The council’s priority will be a review of its role while contributing to discussion on the co-operative’s capital structure and new strategy.

Barron is a fourth-generation farmer milking 450 cows on the 140ha dairy farm he grew up on, on the banks of the Waihou River south of Matamata.

He replaces Duncan Coull who has retired after four and a half years. . . 

Artisan cheesemakers unite – Catherine Donnelly:

An excerpt from ‘Ending the War on Artisan Cheese,’ a new book that exposes government actions that limit food choice under the guise of food safety.

Over the past 35 years, the US Food and Drug Administration has pushed for a mandatory requirement for the use of pasteurized milk in cheesemaking, claiming a public health risk for raw milk cheese. This scenario is playing out abroad as well, where creameries are collapsing because they can’t comply with EU health ordinances. In her new book, Ending the War on Artisan Cheese (Chelsea Green Publishing, November 2019), Catherine Donnelly defends traditional cheesemaking and exposes overreaching government actions that limit food choice under the guise of food safety. The following excerpt explains how the loss of artisan cheese is tantamount to the loss of culture.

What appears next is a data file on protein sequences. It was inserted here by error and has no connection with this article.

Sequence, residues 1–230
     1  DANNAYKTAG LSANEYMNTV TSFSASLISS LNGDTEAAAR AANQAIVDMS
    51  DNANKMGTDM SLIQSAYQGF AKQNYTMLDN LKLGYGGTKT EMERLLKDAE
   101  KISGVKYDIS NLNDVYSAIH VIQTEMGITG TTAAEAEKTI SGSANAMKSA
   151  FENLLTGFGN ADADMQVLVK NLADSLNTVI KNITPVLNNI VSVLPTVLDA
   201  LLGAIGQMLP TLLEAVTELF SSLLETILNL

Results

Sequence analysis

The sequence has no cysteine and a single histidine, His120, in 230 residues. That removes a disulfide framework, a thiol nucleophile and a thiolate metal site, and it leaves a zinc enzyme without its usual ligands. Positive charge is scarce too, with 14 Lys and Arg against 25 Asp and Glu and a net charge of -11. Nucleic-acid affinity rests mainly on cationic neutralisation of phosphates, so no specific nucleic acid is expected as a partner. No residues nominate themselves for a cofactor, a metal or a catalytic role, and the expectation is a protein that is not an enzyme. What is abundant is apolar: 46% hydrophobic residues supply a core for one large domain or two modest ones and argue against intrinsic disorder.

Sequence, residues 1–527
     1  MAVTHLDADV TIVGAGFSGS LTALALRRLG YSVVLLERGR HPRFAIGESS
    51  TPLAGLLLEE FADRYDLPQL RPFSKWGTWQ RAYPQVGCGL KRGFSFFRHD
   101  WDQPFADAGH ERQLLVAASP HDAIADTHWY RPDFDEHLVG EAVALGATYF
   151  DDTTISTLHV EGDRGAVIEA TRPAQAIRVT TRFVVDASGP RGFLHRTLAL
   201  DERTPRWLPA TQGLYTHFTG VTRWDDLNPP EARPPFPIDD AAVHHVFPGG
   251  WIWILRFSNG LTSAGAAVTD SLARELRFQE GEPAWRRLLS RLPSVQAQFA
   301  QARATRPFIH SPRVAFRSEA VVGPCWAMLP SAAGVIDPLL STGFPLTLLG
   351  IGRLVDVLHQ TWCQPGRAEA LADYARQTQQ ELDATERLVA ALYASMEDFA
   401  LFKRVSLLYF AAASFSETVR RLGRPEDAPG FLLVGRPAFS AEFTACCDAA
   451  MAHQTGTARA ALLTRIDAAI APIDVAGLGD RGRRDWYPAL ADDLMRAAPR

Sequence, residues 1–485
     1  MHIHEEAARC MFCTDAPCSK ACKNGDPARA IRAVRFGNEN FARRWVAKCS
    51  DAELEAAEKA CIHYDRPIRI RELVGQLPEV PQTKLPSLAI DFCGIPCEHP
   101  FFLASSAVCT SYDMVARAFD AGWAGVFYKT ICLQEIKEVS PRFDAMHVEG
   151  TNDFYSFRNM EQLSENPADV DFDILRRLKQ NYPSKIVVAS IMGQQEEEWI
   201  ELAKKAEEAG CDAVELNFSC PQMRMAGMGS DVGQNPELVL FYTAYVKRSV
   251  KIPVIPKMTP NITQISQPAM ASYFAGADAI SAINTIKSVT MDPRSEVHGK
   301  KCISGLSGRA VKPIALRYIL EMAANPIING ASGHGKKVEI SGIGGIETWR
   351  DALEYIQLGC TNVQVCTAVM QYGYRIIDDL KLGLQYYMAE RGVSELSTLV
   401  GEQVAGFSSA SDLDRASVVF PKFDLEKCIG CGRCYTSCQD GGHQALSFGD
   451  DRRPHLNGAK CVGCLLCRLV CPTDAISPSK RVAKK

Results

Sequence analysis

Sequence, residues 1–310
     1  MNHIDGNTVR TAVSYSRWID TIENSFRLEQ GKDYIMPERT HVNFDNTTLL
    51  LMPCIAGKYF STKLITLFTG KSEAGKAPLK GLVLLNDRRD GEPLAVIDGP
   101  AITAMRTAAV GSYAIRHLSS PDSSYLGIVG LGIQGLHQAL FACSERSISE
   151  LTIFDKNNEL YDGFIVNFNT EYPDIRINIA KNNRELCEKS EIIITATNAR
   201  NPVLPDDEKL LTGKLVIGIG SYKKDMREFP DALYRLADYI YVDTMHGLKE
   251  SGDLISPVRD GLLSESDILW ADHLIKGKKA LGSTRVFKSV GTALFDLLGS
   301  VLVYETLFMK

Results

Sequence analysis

American artisan cheese has become mainstream, providing big business for retailers such as Whole Foods, Costco, Wegmans, Murray’s Cheese (now owned by Kroger), and others. Despite the success enjoyed by US artisan cheesemakers and the meteoric rise of artisan cheese production, the American artisan cheese industry faces an existential threat: regulatory overreach. . . 


Rural round-up

May 14, 2019

Zero Carbon Bill is just the start for agriculture’s greenhouse gas adaptation – Keith Woodford:

The Zero Carbon Bill introduced to Parliament this week answers some questions but raises many others.  There are big challenges ahead for everyone, but particularly for farmers and their leaders.

As always, the devil will be in the details. These details have yet to be spelled out. More importantly, it is apparent that many of the details have yet to be determined.

If rural leaders wish to have some influence on these details, they will need to be much better skilled-up than in the past.  The next few months will be crucial as the Bill works its way through the committee stages for enactment. . . 

Brit chefs tell good lamb tales – Neal Wallace:

Kiwi lamb is once again featuring on British restaurant menus, earning its place because of its provenance and quality.